Criminal Law

728. Special Circumstances: Lying in Wait - After March 7, 2000, Pen. Code, § 190.2(a)(15)

The defendant is charged with the special circumstance of murder committed by means of lying in wait.

To prove that this special circumstance is true, the People must prove that:

1. The defendant intentionally killed <insert name of decedent>;


2. The defendant committed the murder by means of lying in wait.

A person commits a murder by means of lying in wait if:

1. He or she concealed his or her purpose from the person killed;

2. He or she waited and watched for an opportunity to act;

3. Then he or she made a surprise attack on the person killed from a position of advantage;


4. He or she intended to kill the person by taking the person by surprise.

The lying in wait does not need to continue for any particular period of time, but its duration must be substantial and must show a state of mind equivalent to deliberation or premeditation.

The defendant acted deliberately if (he/she) carefully weighed the considerations for and against (his/her) choice and, knowing the consequences, decided to kill. The defendant acted with premeditation if (he/she) decided to kill before committing the act that caused death.

[A person can conceal his or her purpose even if the person killed is aware of the other person's physical presence.]

[The concealment can be accomplished by ambush or some other secret plan.]

Bench Notes

Instructional Duty

The court has a sua sponte duty to instruct on the elements of the special circumstance. (See People v. Williams (1997) 16 Cal.4th 635, 689 [66 Cal.Rptr.2d 573, 941 P.2d 752].)

Effective March 8, 2000, the special circumstance was amended to require that the murder be committed "by means of" lying in wait rather than "while" lying in wait. (People v. Michaels (2002) 28 Cal.4th 486, 516-517 [122 Cal.Rptr.2d 185, 49 P.3d 1032] [noting amendment to statute]; People v. Superior Court (Bradway) (2003) 105 Cal.App.4th 297, 309 [129 Cal.Rptr.2d 324] [holding amended statute is not unconstitutionally vague].) Use this instruction for cases in which the alleged homicide occurred on or after March 8, 2000.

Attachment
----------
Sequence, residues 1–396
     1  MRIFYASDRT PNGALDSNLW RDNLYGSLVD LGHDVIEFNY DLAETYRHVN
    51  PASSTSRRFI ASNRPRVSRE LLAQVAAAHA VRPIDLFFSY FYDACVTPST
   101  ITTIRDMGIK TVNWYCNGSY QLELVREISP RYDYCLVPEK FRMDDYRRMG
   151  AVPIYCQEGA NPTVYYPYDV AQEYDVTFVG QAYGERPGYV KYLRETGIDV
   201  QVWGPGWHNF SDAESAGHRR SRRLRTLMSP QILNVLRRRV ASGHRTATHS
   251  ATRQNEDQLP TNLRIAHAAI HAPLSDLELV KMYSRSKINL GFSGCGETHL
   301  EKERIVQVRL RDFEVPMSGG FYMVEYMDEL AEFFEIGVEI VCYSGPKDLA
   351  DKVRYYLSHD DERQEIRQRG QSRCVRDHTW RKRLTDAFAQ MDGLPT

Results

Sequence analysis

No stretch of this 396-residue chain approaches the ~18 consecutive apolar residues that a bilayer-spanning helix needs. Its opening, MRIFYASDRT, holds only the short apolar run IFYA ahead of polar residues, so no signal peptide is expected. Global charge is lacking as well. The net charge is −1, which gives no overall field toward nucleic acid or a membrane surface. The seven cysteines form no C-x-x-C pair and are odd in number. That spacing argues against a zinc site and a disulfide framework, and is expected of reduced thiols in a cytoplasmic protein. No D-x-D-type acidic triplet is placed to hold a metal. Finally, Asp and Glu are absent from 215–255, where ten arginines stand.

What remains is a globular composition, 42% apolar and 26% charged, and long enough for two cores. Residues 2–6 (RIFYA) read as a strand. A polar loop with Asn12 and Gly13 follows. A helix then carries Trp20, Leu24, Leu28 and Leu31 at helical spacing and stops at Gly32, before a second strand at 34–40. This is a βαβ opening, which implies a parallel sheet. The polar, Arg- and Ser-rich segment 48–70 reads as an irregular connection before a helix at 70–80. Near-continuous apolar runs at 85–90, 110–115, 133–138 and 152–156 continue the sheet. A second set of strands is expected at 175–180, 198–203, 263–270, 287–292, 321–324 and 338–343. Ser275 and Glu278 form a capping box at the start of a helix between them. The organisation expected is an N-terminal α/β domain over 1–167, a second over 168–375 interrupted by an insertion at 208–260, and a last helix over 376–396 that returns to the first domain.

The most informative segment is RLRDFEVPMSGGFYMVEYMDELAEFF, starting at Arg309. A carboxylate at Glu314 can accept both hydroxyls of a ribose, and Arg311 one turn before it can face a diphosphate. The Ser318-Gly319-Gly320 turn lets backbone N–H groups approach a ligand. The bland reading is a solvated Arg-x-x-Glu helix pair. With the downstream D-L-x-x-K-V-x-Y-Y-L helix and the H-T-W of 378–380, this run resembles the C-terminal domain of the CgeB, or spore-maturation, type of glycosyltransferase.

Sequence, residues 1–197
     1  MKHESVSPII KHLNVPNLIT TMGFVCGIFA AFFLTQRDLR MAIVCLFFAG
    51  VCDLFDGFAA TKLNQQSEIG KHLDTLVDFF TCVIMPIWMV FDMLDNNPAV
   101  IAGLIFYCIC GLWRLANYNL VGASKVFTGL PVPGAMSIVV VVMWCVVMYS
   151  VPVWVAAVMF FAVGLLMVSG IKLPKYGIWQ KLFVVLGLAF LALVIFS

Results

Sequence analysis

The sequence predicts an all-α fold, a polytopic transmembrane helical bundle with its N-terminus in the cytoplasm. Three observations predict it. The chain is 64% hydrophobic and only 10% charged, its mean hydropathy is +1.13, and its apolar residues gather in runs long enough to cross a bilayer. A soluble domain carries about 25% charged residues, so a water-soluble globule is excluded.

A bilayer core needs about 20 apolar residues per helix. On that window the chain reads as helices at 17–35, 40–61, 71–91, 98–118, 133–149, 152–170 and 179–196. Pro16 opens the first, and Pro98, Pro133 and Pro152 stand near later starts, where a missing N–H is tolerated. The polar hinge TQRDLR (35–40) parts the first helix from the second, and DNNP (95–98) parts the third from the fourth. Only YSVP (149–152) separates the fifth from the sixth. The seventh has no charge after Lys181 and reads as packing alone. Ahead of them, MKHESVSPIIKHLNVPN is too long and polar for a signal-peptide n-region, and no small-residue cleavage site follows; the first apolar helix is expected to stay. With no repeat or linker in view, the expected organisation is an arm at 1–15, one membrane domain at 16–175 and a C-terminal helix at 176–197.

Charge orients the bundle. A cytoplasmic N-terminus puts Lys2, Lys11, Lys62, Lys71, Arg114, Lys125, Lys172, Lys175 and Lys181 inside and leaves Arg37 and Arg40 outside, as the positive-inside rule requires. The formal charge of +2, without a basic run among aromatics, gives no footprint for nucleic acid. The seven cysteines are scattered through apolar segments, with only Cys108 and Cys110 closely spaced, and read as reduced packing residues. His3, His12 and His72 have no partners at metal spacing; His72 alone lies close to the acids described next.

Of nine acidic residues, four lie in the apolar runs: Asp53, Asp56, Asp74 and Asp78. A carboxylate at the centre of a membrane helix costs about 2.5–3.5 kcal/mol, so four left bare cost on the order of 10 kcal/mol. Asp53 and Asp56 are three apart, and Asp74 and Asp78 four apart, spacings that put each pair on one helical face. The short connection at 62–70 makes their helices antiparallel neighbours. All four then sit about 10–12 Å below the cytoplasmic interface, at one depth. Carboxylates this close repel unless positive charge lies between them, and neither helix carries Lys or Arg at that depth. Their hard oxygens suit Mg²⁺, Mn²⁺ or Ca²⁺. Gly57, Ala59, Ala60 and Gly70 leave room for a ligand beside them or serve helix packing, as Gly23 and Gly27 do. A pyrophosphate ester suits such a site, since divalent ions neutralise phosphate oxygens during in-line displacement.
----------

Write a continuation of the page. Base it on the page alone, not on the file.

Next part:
Give the bracketed paragraph stating that physical concealment is not required if the evidence shows that the decedent was aware of the defendant's presence. (People v. Morales (1989) 48 Cal.3d 527, 554-556 [257 Cal.Rptr. 64, 770 P.2d 244].) Give the bracketed paragraph stating that concealment may be accomplished by ambush if the evidence shows an attack from a hidden position.


Special Circumstance. Pen. Code, § 190.2(a)(15).

Amended Statute Not Unconstitutionally Vague. People v. Superior Court of San Diego County (Bradway) (2003) 105 Cal.App.4th 297, 309 [129 Cal.Rptr.2d 324].

Physical Concealment Not Required. People v. Morales (1989) 48 Cal.3d 527, 554-556 [257 Cal.Rptr. 64, 770 P.2d 244].

Secondary Sources

3 Witkin & Epstein, California Criminal Law (3d ed. 2000), Punishment, § 445.

4 Millman, Sevilla & Tarlow, California Criminal Defense Practice, Ch. 87, Death Penalty, §§ 87.13[15][b], 87.14 (Matthew Bender).

6 Millman, Sevilla & Tarlow, California Criminal Defense Practice, Ch. 142, Crimes Against the Person, § 142.01[2][a][iv] (Matthew Bender).

Related Issues

Dual Purpose

"[I]f a person lies in wait intending first to rape and second to kill, then immediately proceeds to carry out that intent (or attempts to rape, then kills), the elements of the lying-in-wait special circumstance are met." (People v. Carpenter (1997) 15 Cal.4th 312, 389 [63 Cal.Rptr.2d 1, 935 P.2d 708].)

(New January 2006)